Central Bank Governor Arjuna Mahendran presenting the 2015 annual report to President Maithripala Sirisena, Prime Minister and National Policy and Economic Affairs Minister Ranil Wickremesinghe and Finance Minister Ravi Karunanayake in the presence of Central Bank Deputy Governors Dr. P. Nandalal Weerasinghe and S. Lankathilake, Central Bank Assistant Governor K. D. Ranasinghe and Central Bank Economic Research Director K.M. Mahinda Siriwardana
Real economic growth in Sri Lanka in 2015 registered 4.8 percent, compared with 4.9 percent in 2014. A slowdown in the growth of demand in Sri Lanka’s traditional export markets impacted the growth of the export sector while a strengthening US economy prompted short-term capital outflows. The impact of these developments was offset to some extent by lower international
Nevertheless, domestic consumption rebounded as incomes grew, particularly among public sector workers. Agriculture and services-related activities grew by 5.5 percent and 5.3 percent, respectively, while industry-related activities grew by 3.0 percent during 2015. Inflation, as measured by the year-on-year (YoY) change in the Colombo Consumers’ Price Index (CCPI), was in the negative territory during July-September 2015, mainly due to subdued commodity prices. This was the first time that inflation had turned negative since March 1995.
However, by end-2015, the YoY headline inflation was recorded at 2.8 percent, compared to 2.1 percent at the end of 2014. Correspondingly, core inflation, which switches out energy and selected food items from the CCPI basket, grew from 0.8 percent, on a YoY basis in February 2015, to reach 4.5 percent at the end of the year. This was driven primarily by the enhanced growth of bank credit as well as higher wages afforded to the government workers and employees in other sectors of the economy.
Meanwhile, despite substantial gains from the lower oil prices and continued positive trends in the tourism sector, slowing down of net foreign exchange inflows, including worker remittances and capital outflows, generated an overall deficit in the balance of payments (BoP). Efforts to reverse the downward trend in government tax and non-tax revenues were moderately successful, but overruns on the expenditure side of the government budget meant that the budget deficit grew to 7.4 percent of gross domestic product (GDP), as against the targeted deficit of 4.4 percent.
The central government debt grew to 76.0 percent of GDP by the end of 2015. The new coalition government formed after the presidential election in January 2015 focused on implementing the 100-day programme before the general election that was held in August 2015. The policy responses to volatile global economic conditions took time to evolve after the general election held in August 2015.
In order to address the adverse implications of growing demand pressures on price and financial stability and help cushion pressure on the BoP, the Central Bank took early corrective action by imparting greater flexibility in the management of the exchange rate, enforcing the new macroprudential regulation of loan-to-value (LTV) ratio as a selective demand management instrument and tightening monetary policy through an upward adjustment of the statutory reserve requirement (SRR) and also later increasing the Central Bank’s policy interest rates.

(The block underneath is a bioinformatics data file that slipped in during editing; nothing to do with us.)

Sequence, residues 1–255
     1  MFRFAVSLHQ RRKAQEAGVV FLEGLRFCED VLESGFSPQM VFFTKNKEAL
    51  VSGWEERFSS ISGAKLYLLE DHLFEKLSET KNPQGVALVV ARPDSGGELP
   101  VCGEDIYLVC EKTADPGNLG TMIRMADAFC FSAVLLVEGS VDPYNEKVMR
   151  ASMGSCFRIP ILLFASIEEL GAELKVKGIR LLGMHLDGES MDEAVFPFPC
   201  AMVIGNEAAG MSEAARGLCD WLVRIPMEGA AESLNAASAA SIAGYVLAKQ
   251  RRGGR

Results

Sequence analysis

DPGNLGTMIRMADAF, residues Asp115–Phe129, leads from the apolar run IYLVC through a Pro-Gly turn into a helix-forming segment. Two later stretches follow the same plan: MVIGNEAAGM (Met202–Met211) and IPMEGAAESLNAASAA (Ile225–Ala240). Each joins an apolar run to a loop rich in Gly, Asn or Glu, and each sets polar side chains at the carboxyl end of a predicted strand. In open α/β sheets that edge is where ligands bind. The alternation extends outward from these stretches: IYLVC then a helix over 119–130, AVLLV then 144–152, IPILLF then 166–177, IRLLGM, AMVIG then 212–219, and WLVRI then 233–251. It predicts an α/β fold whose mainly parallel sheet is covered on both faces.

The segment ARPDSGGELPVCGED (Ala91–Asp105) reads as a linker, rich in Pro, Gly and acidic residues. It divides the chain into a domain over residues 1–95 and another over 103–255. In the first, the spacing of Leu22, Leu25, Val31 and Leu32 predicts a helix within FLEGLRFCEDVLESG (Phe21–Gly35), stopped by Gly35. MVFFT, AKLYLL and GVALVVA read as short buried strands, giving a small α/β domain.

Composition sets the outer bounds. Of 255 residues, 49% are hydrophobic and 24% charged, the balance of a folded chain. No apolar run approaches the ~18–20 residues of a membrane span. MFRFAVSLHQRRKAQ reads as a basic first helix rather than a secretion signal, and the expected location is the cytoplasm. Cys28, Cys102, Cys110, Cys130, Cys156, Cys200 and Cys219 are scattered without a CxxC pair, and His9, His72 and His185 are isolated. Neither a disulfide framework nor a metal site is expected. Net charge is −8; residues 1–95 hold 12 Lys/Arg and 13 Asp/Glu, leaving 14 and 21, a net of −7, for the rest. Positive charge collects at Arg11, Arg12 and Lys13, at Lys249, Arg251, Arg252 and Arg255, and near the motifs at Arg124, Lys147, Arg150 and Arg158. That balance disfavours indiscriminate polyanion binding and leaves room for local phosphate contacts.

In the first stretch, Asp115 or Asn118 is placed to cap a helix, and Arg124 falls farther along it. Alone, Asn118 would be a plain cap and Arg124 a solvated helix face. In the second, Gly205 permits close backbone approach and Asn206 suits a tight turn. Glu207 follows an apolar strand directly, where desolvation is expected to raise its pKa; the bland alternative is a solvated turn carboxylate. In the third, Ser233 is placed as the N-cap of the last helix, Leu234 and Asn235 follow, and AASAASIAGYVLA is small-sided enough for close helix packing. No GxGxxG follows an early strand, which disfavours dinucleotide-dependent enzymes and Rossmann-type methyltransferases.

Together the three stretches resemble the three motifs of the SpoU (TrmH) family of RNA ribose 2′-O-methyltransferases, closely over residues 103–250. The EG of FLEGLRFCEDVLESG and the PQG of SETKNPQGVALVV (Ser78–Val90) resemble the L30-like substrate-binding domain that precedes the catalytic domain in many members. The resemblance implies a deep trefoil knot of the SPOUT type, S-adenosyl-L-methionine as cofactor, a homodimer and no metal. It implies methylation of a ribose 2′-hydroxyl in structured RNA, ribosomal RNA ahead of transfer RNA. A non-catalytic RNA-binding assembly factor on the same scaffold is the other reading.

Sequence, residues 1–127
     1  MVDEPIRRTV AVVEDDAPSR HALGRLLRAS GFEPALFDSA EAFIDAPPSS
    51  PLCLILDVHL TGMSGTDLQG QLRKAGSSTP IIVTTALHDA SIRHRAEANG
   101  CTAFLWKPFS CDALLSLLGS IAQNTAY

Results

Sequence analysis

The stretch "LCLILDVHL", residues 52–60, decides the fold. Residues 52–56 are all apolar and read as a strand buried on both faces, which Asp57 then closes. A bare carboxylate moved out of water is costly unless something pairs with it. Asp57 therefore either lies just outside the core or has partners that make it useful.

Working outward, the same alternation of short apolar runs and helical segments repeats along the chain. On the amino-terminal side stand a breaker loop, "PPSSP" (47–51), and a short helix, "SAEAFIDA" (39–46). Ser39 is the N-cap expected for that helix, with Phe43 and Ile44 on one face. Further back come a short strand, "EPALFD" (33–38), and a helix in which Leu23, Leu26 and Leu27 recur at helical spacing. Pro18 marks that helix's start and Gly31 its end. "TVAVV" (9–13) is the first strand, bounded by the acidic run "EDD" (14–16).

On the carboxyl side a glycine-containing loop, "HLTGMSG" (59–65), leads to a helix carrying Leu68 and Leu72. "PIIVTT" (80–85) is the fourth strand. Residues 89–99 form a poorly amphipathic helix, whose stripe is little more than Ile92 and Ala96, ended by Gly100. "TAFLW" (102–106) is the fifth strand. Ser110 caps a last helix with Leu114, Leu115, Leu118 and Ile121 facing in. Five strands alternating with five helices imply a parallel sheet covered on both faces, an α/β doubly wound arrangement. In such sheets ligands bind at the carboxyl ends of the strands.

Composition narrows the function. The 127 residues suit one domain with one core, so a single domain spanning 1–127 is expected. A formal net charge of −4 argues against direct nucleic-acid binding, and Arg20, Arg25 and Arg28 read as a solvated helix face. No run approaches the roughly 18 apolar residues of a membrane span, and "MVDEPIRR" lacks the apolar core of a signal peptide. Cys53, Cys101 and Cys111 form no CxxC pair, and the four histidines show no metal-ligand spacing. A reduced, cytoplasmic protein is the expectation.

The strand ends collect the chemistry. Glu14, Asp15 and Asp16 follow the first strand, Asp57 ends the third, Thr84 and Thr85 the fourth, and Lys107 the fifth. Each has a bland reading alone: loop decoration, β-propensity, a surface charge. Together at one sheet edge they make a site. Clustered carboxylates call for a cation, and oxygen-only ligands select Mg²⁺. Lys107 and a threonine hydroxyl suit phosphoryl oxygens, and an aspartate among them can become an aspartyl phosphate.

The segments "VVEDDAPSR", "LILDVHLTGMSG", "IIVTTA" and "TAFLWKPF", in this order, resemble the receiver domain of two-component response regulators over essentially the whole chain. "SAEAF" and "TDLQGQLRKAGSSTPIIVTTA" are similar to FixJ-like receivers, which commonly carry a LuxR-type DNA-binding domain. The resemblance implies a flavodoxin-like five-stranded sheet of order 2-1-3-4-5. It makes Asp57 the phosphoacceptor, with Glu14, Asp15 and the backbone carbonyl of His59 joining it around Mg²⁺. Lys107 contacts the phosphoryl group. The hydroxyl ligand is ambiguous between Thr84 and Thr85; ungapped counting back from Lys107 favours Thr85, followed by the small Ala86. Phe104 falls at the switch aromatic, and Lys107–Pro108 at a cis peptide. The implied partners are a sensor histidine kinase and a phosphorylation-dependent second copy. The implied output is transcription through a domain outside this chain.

A renewed focus on export-led economic growth and the buttressing of collection of government revenue to contain the overhang of government debt are the key drivers of the government’s medium term economic strategy, and structural reforms proposed by the government towards this end are expected to be endorsed by the International Monetary Fund (IMF) as well.
All three sectors of the economy contributed to real economic growth in 2015. Services activities, which account for 56.6 percent of GDP, grew by 5.3 percent, buttressed by the growth in financial services (15.8 percent), real estate activities (9.6 percent), transport activities (5.5 percent) and wholesale and retail trade (4.7 percent). Despite the minor slowdown in construction (-0.9 percent) and mining and quarrying (-0.9 percent) activities, industry activities, which account for 26.2 percent of GDP, grew by 3.0 percent, mainly supported by the growth in manufacturing activities (4.7 percent).
Agriculture activities, which account for 7.9 percent of GDP, expanded by 5.5 percent, mainly due to the significant growth in growing of rice (23.3 percent) and vegetables (24.9 percent), amidst the contraction in fishing (-2.7 percent), growing of rubber (-10.1 percent) and growing of tea (-2.6 percent). As per the expenditure approach, the growth in real GDP in 2015 was largely driven by an increase in consumption demand, while investment activities made a modest contribution.
Domestic savings declined to 22.6 percent of GDP in 2015, from 24.0 percent of GDP in 2014. This, together with the deterioration of the net primary income from the rest of the world, along with a reduction in earnings on investment and increased outflows, dampened national savings in 2015, although remittances increased marginally, in rupee terms.